Late in the day of September 10, 2001, I wrote an email to my supervisor at work, explaining why I thought it was possible that the Army might get a substandard product for their money. The way I saw it, the entertainment industry team working on our simulator didn't have the experience to understand the Army's needs, and would likely build the urban combat trainer to game industry specs instead of an accurate military standard. I didn't like to present such criticism so early, but did think the Army shouldn't be harmed either. If the project is important enough for the Army to hire us, then it's important enough for us to do a good job.
September 11, 2001
A phone incessantly ringing wrestles me out of a dream. It's seven in the morning, a half hour before I want to get up, and the phone is still ringing. "It's probably Debbie," I think, because my sister is always calling me at odd hours, as if we don't live three time zones apart. I dash over to the phone and answer.
"Andy? This is Vivi, you have to turn on your TV, two planes have crashed into the World Trade Center, and another one just crashed into the Pentagon!" Kitty's cousin was primarily concerned about her grandparents in New York, but I reassured her that the World Trade Center was all the way on the other end of town and her grandparents were unlikely to have any business at the bottom of Manhattan Island at that hour of the morning. I roused Kitty from bed, insisting that it was very important she take a look at the TV where a huge disaster was playing out in Manhattan. The first tower fell while she made my breakfast. The second went down while I was in the shower.
Neither one of us could believe what we were seeing. In my case, the moment of recognition hit when the towers fell and great clouds of debris, about thirty story high waves, went racing through the streets. That was the signature scene from the May 17 dream. This also explained the skeleton dream from so long ago; every rock in sight is a grave, and each grave is for someone killed in the same sudden disaster, and all near the Trinity church. The fact that two planes took out two towers, about fifteen minutes apart, explained why I wrote (of the May 17 dream) "…another disaster", because in the dream I was aware that the disaster had happened twice. One shot on the TV gave a possible explanation why I might have died "like all the others," had I stayed; my loft apartment at the time was in the disaster zone, on Reade Street, between Church and West Broadway. I think it survived, but its proximity to the Trade Center meant that I could have been on just about any errand, including talking with someone at the Wall Street Journal about an illustration assignment, and been well within the fatal zone of destruction. Over the next few days, many surrounding buildings collapsed and up to a hundred others were determined to be unstable.
Just before I left for work, I looked up the dream again. It was a closer match than I expected. In addition to the tidal wave full of debris, which was actually a wave of debris, not one of water full of debris, I was aware that others around me referred to the disaster as having been "caused" and that "explosions" were involved. I simply did not believe that the destruction I witnessed in lower Manhattan could have been caused by bombs and so I decided it had to have been the result of an earthquake. I was careful to note that this was my surmise based on what I saw and that this opinion clearly conflicted with what I overheard from others within the dream.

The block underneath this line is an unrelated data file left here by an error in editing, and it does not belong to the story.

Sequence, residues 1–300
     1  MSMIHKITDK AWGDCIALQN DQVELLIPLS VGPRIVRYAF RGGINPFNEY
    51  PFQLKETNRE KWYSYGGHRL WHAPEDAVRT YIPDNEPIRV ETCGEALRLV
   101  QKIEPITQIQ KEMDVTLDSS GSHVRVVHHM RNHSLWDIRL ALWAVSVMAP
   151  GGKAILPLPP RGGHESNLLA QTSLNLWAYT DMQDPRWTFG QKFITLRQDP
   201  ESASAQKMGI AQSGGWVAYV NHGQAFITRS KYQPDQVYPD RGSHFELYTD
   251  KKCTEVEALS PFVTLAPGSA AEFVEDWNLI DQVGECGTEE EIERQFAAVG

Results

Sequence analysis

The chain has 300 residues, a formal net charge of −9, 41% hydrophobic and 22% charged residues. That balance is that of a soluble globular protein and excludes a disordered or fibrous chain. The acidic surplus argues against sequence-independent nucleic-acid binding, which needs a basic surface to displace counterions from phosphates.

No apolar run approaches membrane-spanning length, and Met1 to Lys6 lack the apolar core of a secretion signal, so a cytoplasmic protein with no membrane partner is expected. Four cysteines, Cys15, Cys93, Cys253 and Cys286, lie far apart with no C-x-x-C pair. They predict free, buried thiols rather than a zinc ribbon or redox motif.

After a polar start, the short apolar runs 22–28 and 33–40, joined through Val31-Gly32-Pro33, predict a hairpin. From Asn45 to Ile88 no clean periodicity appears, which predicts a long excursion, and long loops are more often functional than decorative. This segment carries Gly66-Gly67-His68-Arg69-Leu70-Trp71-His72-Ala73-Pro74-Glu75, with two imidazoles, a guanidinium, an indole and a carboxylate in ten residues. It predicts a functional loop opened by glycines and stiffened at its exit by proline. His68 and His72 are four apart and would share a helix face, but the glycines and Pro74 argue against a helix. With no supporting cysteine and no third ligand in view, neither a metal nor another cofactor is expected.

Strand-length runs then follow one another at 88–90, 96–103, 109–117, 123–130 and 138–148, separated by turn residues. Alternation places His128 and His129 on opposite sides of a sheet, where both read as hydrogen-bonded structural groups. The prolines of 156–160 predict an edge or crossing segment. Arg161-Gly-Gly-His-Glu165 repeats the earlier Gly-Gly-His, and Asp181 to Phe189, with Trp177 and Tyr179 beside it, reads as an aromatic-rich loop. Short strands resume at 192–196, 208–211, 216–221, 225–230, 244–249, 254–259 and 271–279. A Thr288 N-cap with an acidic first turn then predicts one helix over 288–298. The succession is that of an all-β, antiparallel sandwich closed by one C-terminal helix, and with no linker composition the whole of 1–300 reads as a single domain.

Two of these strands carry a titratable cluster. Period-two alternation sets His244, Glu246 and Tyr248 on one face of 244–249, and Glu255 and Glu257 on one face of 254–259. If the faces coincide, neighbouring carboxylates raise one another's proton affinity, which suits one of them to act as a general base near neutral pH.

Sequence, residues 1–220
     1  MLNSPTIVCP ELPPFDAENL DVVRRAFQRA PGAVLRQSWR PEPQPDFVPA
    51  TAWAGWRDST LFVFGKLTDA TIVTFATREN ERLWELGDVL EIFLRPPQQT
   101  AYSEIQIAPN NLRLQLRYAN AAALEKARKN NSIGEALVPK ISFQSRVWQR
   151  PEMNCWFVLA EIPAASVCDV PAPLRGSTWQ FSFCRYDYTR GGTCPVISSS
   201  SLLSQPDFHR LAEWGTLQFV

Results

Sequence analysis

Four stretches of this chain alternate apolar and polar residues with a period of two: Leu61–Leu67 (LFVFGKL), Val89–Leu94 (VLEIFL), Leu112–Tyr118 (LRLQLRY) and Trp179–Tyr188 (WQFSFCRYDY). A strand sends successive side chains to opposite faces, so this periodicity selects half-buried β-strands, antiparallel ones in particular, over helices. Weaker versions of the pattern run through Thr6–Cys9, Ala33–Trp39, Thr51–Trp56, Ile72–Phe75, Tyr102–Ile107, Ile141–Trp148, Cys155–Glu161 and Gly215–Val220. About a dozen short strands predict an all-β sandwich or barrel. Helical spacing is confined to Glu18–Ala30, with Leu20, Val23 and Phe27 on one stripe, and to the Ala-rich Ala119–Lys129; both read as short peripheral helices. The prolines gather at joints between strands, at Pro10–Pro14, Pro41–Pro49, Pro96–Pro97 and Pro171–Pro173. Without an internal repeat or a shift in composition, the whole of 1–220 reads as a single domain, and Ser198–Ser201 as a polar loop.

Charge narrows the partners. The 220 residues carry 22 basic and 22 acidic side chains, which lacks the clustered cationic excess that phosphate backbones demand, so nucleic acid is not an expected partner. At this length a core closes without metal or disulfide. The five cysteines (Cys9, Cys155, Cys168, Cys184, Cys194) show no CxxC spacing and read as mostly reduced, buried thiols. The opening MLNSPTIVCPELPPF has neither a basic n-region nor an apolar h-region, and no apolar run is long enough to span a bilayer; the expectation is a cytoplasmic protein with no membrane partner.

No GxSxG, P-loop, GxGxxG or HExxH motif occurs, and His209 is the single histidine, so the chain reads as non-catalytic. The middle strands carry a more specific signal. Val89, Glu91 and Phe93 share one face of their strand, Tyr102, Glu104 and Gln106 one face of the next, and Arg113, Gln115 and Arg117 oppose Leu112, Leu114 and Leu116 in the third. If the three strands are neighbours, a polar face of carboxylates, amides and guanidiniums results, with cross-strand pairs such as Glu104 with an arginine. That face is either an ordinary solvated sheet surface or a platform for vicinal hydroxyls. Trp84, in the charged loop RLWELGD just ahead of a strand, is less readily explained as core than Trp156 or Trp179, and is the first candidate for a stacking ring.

In all, I think that without any knowledge of the planes, my confusion makes sense. The rubble strewn streets in lower Manhattan are far more reminiscent of earthquake damage that what you would expect from explosions. As for the explosions, each plane did explode on impact and have been described in the media as "flying bombs". In addition, the collapse of the buildings was due to fires resulting from the explosion and not from the impact of the planes. I did run across an online reference to the impacts registering as a 2.0 earthquake on the Richter scale. As for the sensation that "hostages" and that a crime was involved, this is certainly true of the hijack and intentional destruction of the buildings. I can easily see the impression of "winter" being derived from the sight of people covered with gray ash, though why I wouldn't misinterpret that as snow, I don't know.
02 Jun 2009, 18:41
Next response from Andy:
I don't mind being a part of the email list, though I will avoid spending any time answering taunts from pseudo-skeptics (provided I can control my natural inclination to answer all questions). I have concluded that doing so is a total waste of time, so I can have a fun conversation with everyone else, and I guess the skeptics can watch, but that's it. Also, because of their presence, I'll stick to my Inet handle. I once got pretty fired up by a challenge from someone on this subject and sent some information I really regret letting out of my control because I might as well have fed it to a pack of demented trolls. I have a lot of work to do on a book I'm writing (not on this subject, I'm afraid) and can't afford to be distracted by something that isn't pleasant.
as for your card trick; I think we all have these flashes of inspiration, but they are very quiet and we tend to ignore them. In your case you were desperate and that forced you to focus. It is a very tough thing to trust such a weak signal, but that, I think, is precisely what a psychic does (and is what I do as well). This may be irrelevant, but my family and students think I am ridiculously sensitive to other things as well, like sound and smell. I used to wear earplugs and huge expensive headphones to create enough white noise to block out the tinny sound of a pair of headphones worn by a colleague in a different room so that I could work.
08 May 2012, 00:20
I myself experience an odd crying baby noise in an old house that had been experienced by my grand mother on my mother's side of family, but many others heard it too!i simply thought it was a strange noise when i heard it. i don't know how this knowledge of experiencing a ghost of a baby that was drowned in a well a long time ago affects me! I have a difficult time connecting the dots on any side of this argument! I want to keep a real open mind on the subject! i say experience it, log it down, and do enough test to prove it either way, but go on with your life. no real evidence has been show to me to prove or disprove the paranormal including jref!